You had breakfast and then go out for your run which is part of your training schedule. A half-hour later you begin to feel crampy in the abdominal area and then experience this extreme urge to defecate.
Experienced runners are familiar with the trots and when competing, some try to outrun it often with disastrous effects. Others will slow down and try to walk it off or find a bathroom as soon as possible.
Do you want to learn how to reduce your risk for the runner’s trots? Read the article below for some great info
What to Know About Runner’s Trots—Including What to Do When They Hit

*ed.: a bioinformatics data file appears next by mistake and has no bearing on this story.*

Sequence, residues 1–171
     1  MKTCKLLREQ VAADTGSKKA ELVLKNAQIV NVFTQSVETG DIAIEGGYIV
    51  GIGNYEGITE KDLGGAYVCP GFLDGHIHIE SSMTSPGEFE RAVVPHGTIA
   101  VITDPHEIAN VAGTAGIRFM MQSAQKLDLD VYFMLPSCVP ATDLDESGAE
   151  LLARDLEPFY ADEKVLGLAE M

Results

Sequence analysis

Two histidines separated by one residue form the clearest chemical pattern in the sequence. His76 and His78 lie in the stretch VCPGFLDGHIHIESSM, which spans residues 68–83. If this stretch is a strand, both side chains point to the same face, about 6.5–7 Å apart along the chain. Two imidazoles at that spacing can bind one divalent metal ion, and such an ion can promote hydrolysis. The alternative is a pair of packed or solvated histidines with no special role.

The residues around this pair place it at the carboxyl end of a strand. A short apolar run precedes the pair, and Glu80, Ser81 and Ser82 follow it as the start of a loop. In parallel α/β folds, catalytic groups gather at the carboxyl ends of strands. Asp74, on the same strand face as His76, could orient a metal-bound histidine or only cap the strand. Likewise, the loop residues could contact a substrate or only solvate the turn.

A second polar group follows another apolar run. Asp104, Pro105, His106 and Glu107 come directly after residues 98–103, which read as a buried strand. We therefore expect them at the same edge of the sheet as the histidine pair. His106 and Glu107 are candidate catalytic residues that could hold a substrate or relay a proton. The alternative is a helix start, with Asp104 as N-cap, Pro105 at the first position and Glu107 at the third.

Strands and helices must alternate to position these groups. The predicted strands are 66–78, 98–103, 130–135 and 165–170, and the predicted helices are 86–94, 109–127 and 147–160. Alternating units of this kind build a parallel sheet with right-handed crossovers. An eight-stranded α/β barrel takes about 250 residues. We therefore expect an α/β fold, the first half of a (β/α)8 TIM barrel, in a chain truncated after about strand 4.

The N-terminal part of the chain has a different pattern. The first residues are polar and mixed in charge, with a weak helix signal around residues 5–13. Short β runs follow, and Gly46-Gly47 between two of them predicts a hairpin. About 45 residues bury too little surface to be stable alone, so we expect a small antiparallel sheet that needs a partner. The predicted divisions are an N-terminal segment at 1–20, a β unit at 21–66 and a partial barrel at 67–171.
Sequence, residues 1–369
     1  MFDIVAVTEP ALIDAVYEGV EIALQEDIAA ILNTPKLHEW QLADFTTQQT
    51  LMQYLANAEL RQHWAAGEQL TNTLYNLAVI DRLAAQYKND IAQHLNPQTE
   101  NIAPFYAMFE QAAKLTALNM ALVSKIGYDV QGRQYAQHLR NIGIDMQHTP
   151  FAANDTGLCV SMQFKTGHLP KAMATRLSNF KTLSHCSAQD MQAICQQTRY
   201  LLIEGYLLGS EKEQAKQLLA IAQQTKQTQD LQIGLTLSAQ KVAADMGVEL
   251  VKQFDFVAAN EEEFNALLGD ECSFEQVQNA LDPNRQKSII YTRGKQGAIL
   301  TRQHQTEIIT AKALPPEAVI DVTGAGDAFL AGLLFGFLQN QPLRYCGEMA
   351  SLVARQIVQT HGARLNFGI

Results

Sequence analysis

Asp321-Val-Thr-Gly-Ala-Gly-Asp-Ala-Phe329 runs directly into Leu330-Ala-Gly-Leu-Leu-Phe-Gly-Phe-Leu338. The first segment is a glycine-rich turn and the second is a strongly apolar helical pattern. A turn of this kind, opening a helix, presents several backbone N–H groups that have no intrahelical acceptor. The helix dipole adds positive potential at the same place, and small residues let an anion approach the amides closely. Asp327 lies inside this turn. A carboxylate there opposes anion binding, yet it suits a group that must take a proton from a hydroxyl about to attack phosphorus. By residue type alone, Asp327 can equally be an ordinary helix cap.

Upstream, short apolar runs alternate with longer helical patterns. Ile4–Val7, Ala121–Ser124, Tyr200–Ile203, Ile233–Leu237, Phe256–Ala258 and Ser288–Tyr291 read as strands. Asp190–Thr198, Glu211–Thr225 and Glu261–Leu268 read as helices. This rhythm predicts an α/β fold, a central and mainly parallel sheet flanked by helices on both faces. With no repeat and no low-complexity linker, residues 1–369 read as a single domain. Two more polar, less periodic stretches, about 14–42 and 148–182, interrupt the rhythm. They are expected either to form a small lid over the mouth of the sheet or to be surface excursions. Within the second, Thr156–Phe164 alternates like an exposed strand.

Because nothing ruins a good run like the frantic hunt for a restroom.
By Lauren Krouse August 30, 2021
If you’re a runner, you’ve probably been there: You’re enjoying your run, and just as you should be upping your intensity or hitting a new PR, your GI tract starts rumbling and contracting. If you don’t hightail it to a restroom quickly, your bowels are going to start moving, too. Turns out, there’s a name for this phenomenon: runner’s trots.
Runner’s trots include a wide range of symptoms—nausea, cramping, gas, flatulence, “and ultimately, the urgent need to defecate,” Rosario Ligresti, MD, chief and director of gastroenterology at the Pancreas Center at Hackensack University Medical Center in New Jersey, tells Health. Runner’s trots are also known as runner’s diarrhea, but the term encompasses any type of sudden mid-run bowel movement, notes Dr. Ligresti.